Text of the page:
Review: Mandrake Corporate Desktop


Author: Jem Matzan

The corporate desktop GNU/Linux distribution is a relatively new invention, having begun with SUSE Desktop, then followed by Sun’s Java Desktop System and Red Hat Desktop. But with much less fanfare, Mandrakesoft released a Corporate Desktop product last January. It’s cheaper, has no minimum purchase requirement, and has support options of from one to five years. Compared to the alternatives, Mandrake Corporate Desktop is suited more for smaller shops that need a cost-effective and reliable desktop platform with corporate support.

Mandrake is traditionally known as a cutting-edge desktop GNU/Linux distribution. It is often the first distro recommended for many people when they consider switching to GNU/Linux. Unlike other desktop distributions, Mandrake has never been shy about including the most up-to-date software packages in each new release.

Mandrake Corporate Desktop is a little different, though: it is based on Mandrake Corporate Server, which is a tested and mature product on a calculated and lengthy release cycle. If you’re used to some degree of instability or unpredictability with Mandrakelinux, you won’t find it in Mandrake Corporate Desktop. One could roughly equate Mandrake Corporate Desktop to Red Hat Desktop, and Mandrakelinux to Fedora Core.

Software and features

Installing Mandrake Corporate Desktop from scratch is identical to the standard Mandrakelinux installation procedure in its partitioning, package selection, and so forth. The package groups are streamlined for workstation and business use, though, so there are no development, server, and other software groups that are unnecessary for a corporate desktop machine. Some of the programs that were in these missing groups are still available through individual package selection, so if, for instance, you need your desktop users to have K3b for writing CDs and DVDs, you can add it to the installation group.

The default install gives you a KDE 3.2 desktop with 1.1.2, Mozilla 1.6, GIMP 1.2, and Evolution 1.4.6, among all of the usual KDE and Mandrake tools such as KsCD, Kopete, Harddrake, Drakconf, and Menudrake. Mozilla has the Java, Flash, and PDF plug-ins installed by default. You also get IceWM installed by default in case some of your users need a different style of interface.

The basic, familiar Mandrake desktop with the Galaxy theme is the same as it is in the consumer desktop edition. You also get the same basic software set, but the menus are rearranged to make it easier to find and use the tools that will be most useful to corporate desktop users. For instance the star menu (K menu) options are: Use office tools; Organize; Surf the Internet; Enjoy music and video; View, modify, and create graphics; Administer your system; and All applications. The last option gives users access to the usual Mandrakelinux base system tools, utilities, and programs.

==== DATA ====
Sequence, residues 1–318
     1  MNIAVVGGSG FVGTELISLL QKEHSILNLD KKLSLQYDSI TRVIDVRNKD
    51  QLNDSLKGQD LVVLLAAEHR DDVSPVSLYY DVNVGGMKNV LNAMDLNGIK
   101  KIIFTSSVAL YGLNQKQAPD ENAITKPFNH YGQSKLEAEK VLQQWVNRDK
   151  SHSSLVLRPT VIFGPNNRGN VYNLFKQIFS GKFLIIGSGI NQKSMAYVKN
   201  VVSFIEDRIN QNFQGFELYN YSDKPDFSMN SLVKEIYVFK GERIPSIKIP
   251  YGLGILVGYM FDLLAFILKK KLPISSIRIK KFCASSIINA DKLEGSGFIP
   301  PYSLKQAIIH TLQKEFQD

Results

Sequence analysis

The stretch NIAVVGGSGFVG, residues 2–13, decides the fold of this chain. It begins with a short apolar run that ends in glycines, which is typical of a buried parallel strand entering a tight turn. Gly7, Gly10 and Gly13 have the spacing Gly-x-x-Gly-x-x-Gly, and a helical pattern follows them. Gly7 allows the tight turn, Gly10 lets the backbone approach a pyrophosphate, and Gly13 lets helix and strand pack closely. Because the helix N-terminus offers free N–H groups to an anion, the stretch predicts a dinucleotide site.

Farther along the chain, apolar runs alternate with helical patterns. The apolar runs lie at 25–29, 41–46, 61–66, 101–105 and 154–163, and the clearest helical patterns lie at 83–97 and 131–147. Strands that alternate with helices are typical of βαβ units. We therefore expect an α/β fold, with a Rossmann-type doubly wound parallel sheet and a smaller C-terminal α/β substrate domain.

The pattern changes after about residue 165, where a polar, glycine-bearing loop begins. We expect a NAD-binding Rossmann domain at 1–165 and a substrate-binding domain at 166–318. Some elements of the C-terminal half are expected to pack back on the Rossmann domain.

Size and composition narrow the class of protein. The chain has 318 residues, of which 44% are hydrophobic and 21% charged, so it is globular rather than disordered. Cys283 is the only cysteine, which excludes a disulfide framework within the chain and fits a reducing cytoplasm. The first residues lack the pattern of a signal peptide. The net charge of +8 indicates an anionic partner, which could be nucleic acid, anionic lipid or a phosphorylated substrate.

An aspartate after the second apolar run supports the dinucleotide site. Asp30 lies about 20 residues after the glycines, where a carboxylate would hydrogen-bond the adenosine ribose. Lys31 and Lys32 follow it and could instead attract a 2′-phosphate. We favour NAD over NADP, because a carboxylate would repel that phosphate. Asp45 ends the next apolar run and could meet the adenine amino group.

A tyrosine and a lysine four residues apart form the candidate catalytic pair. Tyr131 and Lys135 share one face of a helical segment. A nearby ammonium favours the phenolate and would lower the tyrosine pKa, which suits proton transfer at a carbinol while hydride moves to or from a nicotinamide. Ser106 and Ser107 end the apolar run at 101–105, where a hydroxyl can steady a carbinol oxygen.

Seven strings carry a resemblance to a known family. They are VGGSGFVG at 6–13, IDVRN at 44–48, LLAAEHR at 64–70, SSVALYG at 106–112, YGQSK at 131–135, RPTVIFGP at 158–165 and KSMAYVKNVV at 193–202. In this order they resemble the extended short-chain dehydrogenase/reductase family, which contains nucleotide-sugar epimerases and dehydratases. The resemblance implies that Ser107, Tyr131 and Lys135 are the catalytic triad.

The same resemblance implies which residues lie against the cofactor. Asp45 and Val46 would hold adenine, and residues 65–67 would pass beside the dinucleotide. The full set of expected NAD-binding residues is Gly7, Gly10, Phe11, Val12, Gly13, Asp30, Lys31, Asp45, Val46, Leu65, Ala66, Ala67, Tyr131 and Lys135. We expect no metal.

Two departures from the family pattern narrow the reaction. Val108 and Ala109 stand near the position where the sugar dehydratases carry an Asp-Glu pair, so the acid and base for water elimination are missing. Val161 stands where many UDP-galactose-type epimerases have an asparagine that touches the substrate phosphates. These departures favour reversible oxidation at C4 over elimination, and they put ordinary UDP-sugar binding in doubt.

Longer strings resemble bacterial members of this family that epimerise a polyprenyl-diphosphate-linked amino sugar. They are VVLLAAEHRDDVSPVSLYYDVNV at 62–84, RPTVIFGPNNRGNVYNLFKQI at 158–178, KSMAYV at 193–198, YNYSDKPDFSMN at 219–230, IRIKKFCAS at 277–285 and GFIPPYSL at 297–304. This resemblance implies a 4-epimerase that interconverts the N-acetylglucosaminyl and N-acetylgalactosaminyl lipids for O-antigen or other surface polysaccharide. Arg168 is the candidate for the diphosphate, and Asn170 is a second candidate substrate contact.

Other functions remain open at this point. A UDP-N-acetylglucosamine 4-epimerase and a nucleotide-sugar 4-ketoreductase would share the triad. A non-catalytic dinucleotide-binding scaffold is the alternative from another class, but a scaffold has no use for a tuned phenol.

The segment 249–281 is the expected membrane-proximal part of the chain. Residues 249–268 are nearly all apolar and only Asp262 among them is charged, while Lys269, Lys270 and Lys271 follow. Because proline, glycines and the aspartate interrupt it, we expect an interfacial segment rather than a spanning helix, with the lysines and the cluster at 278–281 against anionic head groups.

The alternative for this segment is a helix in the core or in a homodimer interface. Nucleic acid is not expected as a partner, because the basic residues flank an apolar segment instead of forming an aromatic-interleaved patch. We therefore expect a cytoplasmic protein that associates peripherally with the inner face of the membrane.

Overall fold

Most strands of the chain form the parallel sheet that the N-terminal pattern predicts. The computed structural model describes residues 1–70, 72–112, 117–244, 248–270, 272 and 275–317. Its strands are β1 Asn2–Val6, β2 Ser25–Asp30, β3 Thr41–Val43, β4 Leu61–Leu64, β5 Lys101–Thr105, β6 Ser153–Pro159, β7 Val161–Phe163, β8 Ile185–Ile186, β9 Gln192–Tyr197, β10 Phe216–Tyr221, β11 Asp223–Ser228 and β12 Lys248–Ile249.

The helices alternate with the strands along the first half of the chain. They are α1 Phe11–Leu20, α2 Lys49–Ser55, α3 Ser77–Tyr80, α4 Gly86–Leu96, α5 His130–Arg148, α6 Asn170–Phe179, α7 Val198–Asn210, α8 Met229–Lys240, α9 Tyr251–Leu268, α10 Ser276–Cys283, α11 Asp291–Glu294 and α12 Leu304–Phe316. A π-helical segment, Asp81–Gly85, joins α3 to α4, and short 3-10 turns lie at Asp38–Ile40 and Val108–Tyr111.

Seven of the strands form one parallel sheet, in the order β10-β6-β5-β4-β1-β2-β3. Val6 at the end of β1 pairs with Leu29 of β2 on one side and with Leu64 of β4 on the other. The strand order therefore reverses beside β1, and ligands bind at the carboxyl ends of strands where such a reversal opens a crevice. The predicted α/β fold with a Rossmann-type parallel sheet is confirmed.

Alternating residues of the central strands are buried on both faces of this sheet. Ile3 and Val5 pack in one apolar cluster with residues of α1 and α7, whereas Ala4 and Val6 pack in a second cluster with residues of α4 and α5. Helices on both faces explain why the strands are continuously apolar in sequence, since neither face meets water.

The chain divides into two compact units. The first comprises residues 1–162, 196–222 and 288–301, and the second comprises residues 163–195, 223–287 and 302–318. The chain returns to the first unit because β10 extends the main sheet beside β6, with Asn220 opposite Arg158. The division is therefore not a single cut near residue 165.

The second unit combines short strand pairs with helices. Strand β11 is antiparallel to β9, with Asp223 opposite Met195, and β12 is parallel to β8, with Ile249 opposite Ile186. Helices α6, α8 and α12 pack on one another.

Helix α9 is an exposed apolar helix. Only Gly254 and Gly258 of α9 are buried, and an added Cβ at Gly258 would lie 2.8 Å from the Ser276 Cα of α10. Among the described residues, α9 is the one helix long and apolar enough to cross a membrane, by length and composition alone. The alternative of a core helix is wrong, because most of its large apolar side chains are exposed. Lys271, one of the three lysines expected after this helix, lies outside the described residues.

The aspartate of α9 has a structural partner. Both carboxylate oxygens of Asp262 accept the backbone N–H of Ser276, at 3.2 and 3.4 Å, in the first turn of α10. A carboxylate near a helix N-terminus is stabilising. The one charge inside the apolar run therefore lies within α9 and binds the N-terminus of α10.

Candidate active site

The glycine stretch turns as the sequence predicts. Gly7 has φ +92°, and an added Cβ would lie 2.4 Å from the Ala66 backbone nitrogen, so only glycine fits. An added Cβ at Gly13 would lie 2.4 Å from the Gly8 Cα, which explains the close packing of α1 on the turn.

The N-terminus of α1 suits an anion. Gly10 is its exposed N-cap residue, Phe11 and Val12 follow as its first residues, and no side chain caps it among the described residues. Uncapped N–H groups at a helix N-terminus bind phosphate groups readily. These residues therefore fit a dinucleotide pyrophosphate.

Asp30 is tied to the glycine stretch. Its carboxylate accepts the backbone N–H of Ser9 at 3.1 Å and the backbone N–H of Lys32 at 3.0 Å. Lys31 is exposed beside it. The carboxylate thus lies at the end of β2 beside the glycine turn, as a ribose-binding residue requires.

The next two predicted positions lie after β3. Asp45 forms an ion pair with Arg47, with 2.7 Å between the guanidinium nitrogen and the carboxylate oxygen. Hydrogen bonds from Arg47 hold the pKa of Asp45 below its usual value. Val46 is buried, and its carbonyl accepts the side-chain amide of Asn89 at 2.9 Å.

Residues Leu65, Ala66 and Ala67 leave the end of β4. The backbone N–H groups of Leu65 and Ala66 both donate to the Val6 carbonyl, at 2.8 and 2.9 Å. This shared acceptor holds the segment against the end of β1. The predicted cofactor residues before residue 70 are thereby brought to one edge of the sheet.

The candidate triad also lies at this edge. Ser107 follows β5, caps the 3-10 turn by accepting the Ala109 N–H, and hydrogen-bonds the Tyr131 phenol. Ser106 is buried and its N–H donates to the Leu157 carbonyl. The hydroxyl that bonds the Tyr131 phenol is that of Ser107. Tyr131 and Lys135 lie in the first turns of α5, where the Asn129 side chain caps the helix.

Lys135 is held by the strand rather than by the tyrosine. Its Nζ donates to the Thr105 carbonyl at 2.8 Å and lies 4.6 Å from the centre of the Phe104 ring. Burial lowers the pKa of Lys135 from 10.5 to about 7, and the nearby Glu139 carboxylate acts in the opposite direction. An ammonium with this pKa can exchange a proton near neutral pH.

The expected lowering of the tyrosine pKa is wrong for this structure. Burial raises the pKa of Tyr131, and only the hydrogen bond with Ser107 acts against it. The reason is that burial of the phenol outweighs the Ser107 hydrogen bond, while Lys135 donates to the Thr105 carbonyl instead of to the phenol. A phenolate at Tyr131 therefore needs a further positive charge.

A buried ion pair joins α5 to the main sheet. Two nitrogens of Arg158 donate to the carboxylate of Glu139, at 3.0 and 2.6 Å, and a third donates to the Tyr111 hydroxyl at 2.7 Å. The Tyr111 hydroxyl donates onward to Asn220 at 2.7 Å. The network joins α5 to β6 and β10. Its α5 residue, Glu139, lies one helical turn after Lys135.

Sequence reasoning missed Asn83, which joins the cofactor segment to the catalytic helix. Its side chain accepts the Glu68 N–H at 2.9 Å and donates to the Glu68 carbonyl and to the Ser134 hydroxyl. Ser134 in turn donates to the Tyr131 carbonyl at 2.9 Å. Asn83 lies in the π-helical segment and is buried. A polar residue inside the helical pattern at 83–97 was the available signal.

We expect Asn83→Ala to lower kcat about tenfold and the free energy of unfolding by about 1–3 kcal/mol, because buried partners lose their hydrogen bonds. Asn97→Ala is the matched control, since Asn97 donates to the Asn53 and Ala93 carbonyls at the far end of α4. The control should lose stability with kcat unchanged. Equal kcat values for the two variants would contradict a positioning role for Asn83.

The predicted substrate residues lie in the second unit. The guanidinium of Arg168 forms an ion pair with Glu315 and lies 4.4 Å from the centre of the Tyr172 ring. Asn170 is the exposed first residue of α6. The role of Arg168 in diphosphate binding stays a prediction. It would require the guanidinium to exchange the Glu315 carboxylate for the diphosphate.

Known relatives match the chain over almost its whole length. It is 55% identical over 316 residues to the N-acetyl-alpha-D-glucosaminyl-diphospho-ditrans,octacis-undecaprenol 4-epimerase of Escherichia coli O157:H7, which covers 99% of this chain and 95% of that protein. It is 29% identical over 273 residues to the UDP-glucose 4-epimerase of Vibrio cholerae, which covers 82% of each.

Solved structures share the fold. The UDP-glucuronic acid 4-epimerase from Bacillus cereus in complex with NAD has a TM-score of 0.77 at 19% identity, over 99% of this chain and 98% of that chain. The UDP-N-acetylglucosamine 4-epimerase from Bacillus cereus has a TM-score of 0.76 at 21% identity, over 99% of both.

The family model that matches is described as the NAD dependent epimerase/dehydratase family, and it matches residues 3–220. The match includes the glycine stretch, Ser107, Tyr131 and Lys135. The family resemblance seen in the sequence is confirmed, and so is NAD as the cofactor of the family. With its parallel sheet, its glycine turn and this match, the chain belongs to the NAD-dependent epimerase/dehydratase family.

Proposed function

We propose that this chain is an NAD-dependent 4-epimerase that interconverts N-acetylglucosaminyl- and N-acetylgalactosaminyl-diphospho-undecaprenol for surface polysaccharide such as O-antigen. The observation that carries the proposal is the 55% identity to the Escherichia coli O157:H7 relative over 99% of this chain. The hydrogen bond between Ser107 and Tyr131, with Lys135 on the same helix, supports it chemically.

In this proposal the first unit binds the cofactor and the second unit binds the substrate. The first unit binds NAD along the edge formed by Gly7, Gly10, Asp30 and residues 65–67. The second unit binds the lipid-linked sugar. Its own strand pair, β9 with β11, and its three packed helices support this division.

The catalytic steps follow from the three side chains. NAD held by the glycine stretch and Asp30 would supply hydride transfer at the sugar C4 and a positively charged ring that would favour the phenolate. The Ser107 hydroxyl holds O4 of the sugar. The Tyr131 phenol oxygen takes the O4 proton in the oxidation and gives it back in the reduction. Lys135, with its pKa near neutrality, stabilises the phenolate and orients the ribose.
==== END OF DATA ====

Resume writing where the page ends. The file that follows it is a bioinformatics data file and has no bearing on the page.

In the above-mentioned specialized menus there are icons for synchronizing PDAs, sending and viewing faxes, instant messaging, IRC chat, and video conferencing, and clients for FTP transfers and newsgroup reading. Also included is a 30-day trial edition of CrossOver Office.

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Mandrake Corporate Desktop comes with an NX (NoMachine) thin client to connect to an NX server and an ICA client to connect to a Citrix server. Mandrake includes its own Drakauthentication program, which allows the operating system to authenticate against an Active Directory server.

Newer machines may have trouble with Mandrake Corporate Desktop’s 2.6.3 kernel, which misses out on drivers for some new LAN, sound, video, and RAID peripherals and onboard components. We had difficulty with sound and LAN in our Intel D915GUX-based machine, but slightly older technology, vis the VIA Epia MII-12000 and Asus K8V Deluxe motherboards, seemed to work quite well.


Mandrake’s support cycle is five years, which is identical to Windows. The included support is pretty lean: one year under the standard contract, but as always, upgraded and extended support options are available. The upgrade cycle is 12 to 18 months, which is much greater than Java Desktop System and about comparable with Red Hat Enterprise Linux. In other words, you’re not going to be forced into an upgrade and you’ll have a lot of time to plan and implement an upgrade if you should need one.

Summary and conclusions

While a few big corporations — Sun Microsystems, Red Hat, and Novell –are fighting over the business desktop space, Mandrake has quietly created a competent, stable, compatible, and well-equipped operating system at a lower price and with more flexible purchase options. There’s a reason why it’s cheaper, though: Mandrake Corporate Desktop doesn’t have any fancy EAL, Open Group, or military certifications like some of its direct competitors, so some larger companies might prefer not to use it. Mandrake Corporate Desktop is well-suited to small and medium-sized businesses that are considering Windows. In outward-facing networks, Mandrake will be much cheaper and more reliable, secure, and stable than a comparable Windows operating system.

Purpose Desktop operating system
Manufacturer Mandrakesoft
Architectures x86, AMD64
License GNU General Public License, although some included software is under proprietary licenses
Market Small/medium business desktops
Price (retail) U.S. $100 or €90 for the download edition, $110 or €99 for the boxed edition
Previous version N/A
Product Web site Click here


  • Linux